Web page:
All significant discovery licenses are just what they imply: a significant discovery of oil and-or gas accumulation. These special licenses are granted for an indefinite term: in other words, they don’t expire.

There are also dozens of oil and gas exploration permits and significant discovery licenses in Canada’s portion of the Beaufort Sea, currently the most active offshore area of Arctic oil and gas exploration in Canada.

Now that Shell has relinquished its huge leases at the mouth of Lancaster Sound, there are currently no oil and gas leases off the eastern shore of Baffin Island.

But across Davis Strait and Baffin Bay, almost the entire area offshore western Greenland has been claimed by global oil and gas companies.

The federal departments of natural resources and Indigenous affairs plan to spend the upcoming year consulting with current Arctic offshore licence-holders to determine what happens next, but it’s possible offshore oil exploration could still continue within those significant discovery licences despite the moratorium.

The eastern Arctic SEA was prompted in part by a resolution passed by the Qikiqtani Inuit Association at their October 2013 annual general meeting.

Concerned about a five-year seismic testing operation off Baffin Island that was then before the National Energy Board, Baffin Inuit feared unchecked oil and gas exploration in their own backyard.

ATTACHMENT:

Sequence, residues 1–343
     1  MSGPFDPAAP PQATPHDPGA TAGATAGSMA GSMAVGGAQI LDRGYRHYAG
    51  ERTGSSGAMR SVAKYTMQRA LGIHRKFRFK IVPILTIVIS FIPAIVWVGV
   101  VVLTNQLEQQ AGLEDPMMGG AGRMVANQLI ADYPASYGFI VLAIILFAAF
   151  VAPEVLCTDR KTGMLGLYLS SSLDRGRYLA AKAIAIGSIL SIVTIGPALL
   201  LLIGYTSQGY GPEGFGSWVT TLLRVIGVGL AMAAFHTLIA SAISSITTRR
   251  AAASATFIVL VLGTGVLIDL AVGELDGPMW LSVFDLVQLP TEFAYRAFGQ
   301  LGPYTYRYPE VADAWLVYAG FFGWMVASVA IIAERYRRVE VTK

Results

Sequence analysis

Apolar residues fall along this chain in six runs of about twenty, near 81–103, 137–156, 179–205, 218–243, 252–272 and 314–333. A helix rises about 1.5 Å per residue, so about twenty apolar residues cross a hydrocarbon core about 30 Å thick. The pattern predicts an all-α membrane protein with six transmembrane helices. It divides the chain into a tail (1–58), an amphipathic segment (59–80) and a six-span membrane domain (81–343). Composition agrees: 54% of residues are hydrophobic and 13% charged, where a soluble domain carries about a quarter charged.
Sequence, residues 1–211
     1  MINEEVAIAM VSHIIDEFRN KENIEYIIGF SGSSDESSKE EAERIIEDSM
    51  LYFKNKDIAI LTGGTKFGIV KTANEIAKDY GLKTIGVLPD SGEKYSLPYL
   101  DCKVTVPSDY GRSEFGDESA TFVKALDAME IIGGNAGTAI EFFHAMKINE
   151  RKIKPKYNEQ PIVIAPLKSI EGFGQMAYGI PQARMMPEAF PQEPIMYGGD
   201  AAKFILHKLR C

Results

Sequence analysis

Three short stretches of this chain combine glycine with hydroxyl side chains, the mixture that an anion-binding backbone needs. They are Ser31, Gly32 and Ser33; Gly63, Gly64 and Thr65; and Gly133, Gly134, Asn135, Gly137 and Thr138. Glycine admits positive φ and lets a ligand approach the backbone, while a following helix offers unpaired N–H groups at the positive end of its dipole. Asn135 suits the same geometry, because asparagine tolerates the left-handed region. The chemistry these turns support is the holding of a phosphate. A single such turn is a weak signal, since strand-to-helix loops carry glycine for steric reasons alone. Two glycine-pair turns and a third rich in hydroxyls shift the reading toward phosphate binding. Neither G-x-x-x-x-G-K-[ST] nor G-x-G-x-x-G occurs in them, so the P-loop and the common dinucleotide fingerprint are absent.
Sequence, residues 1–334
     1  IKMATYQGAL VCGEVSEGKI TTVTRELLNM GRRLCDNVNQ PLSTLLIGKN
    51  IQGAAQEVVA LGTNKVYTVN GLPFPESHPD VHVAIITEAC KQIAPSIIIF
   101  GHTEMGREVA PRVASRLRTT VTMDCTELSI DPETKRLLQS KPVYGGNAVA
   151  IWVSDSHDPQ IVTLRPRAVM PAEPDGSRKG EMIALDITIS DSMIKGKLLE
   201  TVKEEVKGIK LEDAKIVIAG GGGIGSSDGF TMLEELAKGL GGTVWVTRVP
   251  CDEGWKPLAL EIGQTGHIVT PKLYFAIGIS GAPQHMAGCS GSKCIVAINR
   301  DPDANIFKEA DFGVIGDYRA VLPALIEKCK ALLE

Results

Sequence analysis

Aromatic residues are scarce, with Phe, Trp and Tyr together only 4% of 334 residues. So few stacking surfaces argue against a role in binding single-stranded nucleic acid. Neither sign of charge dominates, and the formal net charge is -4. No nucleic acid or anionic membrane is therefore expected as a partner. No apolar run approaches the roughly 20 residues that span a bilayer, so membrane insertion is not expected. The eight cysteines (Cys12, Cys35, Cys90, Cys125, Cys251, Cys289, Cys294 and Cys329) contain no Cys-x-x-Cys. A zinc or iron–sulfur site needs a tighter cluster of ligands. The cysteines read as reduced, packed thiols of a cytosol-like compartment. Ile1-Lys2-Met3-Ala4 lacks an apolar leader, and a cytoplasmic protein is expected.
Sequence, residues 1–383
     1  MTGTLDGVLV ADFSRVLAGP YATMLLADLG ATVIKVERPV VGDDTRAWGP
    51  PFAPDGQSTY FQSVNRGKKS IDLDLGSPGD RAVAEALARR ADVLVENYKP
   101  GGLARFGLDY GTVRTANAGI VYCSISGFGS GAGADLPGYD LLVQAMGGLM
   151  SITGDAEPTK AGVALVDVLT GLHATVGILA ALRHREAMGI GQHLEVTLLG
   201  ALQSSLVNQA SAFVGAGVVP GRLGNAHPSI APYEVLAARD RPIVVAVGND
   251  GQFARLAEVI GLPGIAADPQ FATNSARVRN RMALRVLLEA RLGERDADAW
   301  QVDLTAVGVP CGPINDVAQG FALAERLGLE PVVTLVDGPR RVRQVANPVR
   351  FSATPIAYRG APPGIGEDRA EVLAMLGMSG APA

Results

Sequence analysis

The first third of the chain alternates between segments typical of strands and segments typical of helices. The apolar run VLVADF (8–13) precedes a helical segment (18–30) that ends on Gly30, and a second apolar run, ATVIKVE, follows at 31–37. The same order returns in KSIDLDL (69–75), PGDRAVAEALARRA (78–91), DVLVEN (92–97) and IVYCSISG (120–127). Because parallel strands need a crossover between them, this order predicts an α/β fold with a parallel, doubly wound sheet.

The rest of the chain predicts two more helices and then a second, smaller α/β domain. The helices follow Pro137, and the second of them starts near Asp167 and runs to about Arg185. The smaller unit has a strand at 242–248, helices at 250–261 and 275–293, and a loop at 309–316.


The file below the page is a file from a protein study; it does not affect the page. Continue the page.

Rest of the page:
The QIA called on Ottawa to conduct a strategic environmental assessment of hydrocarbon development in their region.

“This would examine all the issues related to development, and establish what conditions have to be in place before oil and gas (development) takes place,” said Bernie MacIsaac, then QIA’s director of lands and resources, in October 2013.

“That’s the guts of what we’re working on. That nothing take place until these issues have been dealt with and examined.”

Ottawa, in partnership with QIA, then held consultation meetings in 10 Baffin communities in February 2014 to gather input from residents on potential offshore oil and gas development.

In May 2014, the Nunavut Marine Council asked Bernard Valcourt, then Aboriginal affairs minister, to postpone any decision on seismic testing off Baffin Island until that strategic environmental assessment was completed.

But Valcourt rejected that request and the National Energy Board went ahead and approved the seismic project—a decision that prompted a string of legal actions that wound up at the Supreme Court in November 2016. A court decision is expected by May 2017.

So what was the outcome of those community consultations held in February 2014? Where does the assessment stand and what happens next? Your guess is as good as ours.

We contacted the QIA and NTI to find out what they know of this assessment. NTI did not respond to our request.

The QIA did respond however.

“Please note that the Strategic Environmental Assessment for Baffin Bay and Davis Strait has NOT been abandoned and work has recently restarted on it,” said a spokesperson from QIA in an email to Nunatsiaq News.

“QIA is part of a working group dealing with the SEA and our role is to ensure proper consultation of our communities and to ensure local knowledge, especially IQ is incorporated into the process.”

When we asked to speak with someone at QIA about the assessment, QIA said, “INAC is the lead and NIRB is in charge of the proposal so you may want to contact them for further information.”